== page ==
Tackling Coordination Challenges

The Hague Institute for Global Justice welcomed a high level expert meeting on coordination between monitoring, reporting, and fact-finding missions and international courts and tribunals. The 9 June session addressed how various actors working in international law, such as tribunals and fact-finding missions, could better exchange information and work together to tackle violations of international human rights, humanitarian, and criminal law.

The organizing theme of the session was interoperability. Professor Claude Bruderlein (adjunct lecturer on global health, Harvard School of Public Health), Dr. Kjell Anderson (former senior researcher, The Hague Institute for Global Justice), Ekkehard Withopf (acting chief of prosecutions, Special Tribunal for Lebanon), Alex Whiting (prosecution coordinator, Office of the Prosecutor, International Criminal Court), and Cecile Aptel (senior legal policy adviser, United Nations Office of the High Commissioner for Human Rights) were featured presenters. Other participants [PDF] had experience serving on fact-finding missions, leading commissions of inquiry, and acting as prosecutors for a wide array of international tribunals and the International Criminal Court.

The discussions focused on incorporating fact-finding evidence into international prosecutions; fostering greater cohesion among monitoring, reporting, and fact-finding missions and international courts and tribunals; and building institutional linkages among different investigative mechanisms. The challenges to coordination are numerous and complex, including actual and perceived disconnects in the mandates of fact-finders and prosecutors and their effects on standards of proof and methodology. For instance, a fact-finding mission conducted to support advocacy work may use a different approach to interview witnesses than a prosecutor seeking to establish individual criminal liability. A monitoring mission may be more interested in correcting a human rights violation than preserving the evidence to show that it occurred. Participants shared practical tips for overcoming these obstacles, tested their assumptions about potential conflicts, and broadly discussed the complementarity of the international justice project and monitoring, reporting, and fact-finding efforts. A joint research paper resulting from the discussions is forthcoming.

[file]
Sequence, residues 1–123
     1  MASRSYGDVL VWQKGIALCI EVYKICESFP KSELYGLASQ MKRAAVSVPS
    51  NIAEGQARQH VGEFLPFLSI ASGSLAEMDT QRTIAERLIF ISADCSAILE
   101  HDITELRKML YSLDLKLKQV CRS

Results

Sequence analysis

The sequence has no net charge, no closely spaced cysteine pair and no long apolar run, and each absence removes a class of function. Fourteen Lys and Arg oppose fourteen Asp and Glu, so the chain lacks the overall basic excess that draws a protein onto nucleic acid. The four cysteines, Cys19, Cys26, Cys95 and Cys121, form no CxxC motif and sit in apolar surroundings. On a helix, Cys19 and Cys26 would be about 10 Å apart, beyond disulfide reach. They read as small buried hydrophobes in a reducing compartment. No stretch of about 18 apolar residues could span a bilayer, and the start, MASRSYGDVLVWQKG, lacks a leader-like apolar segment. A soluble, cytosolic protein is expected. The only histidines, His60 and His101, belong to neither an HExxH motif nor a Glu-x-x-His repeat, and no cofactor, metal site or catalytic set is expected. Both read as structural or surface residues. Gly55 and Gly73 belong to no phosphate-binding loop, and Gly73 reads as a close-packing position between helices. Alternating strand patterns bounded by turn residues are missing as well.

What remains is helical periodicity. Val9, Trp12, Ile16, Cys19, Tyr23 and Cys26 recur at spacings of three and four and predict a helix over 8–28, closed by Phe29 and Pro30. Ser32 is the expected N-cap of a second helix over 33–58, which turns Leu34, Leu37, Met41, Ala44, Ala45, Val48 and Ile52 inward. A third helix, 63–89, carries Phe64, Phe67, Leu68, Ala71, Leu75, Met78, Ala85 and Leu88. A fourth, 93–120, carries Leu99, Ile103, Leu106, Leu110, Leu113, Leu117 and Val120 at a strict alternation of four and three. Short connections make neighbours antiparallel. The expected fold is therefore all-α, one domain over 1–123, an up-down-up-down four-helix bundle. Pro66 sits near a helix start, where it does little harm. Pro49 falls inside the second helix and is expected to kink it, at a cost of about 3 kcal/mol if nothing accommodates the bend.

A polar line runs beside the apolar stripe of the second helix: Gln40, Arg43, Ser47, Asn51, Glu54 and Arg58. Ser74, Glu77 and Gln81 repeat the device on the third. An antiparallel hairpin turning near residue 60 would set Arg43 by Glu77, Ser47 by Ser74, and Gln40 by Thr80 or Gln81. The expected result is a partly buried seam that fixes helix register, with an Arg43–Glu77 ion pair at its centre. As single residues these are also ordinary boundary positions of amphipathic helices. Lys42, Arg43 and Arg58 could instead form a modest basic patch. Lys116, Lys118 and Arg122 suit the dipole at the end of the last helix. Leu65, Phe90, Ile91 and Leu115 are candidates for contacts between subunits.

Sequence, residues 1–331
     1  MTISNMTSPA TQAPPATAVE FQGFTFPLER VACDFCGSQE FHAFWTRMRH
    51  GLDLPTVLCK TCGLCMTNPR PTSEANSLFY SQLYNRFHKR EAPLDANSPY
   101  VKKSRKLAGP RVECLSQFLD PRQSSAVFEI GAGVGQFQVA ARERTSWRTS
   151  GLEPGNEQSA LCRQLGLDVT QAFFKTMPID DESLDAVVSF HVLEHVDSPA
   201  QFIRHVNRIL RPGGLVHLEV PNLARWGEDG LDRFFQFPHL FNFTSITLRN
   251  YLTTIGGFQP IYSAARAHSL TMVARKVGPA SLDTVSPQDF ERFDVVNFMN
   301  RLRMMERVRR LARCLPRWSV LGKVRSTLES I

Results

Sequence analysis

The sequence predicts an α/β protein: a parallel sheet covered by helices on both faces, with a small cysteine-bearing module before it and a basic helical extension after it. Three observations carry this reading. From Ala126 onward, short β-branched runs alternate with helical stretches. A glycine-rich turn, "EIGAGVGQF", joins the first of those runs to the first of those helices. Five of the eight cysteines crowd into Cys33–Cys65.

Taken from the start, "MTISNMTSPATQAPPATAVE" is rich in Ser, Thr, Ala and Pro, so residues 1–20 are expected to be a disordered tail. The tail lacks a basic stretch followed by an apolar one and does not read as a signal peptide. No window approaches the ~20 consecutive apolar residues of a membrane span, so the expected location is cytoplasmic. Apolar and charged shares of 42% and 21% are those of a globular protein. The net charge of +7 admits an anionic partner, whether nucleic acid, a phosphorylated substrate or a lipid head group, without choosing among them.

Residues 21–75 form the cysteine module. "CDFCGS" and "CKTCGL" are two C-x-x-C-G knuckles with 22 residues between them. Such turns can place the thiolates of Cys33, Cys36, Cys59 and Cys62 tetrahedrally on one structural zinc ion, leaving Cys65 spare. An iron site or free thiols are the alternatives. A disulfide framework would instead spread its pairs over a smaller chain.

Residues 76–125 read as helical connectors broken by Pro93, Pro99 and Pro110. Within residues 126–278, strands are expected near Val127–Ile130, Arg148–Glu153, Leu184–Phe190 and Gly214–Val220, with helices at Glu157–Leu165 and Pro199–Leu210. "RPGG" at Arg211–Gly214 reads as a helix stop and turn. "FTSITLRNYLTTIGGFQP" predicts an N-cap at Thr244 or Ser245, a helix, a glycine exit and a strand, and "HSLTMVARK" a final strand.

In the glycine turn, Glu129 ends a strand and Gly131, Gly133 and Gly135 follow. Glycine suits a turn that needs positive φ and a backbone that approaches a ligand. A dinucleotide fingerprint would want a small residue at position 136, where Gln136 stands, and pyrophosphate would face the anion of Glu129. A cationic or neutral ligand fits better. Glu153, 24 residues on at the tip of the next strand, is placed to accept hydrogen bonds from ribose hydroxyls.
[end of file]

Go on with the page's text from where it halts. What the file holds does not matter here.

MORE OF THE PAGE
This event was sponsored by the Grotius Centre for International Legal Studies, the Program on Humanitarian Policy and Conflict Research at Harvard University, and The Hague Institute for Global Justice.

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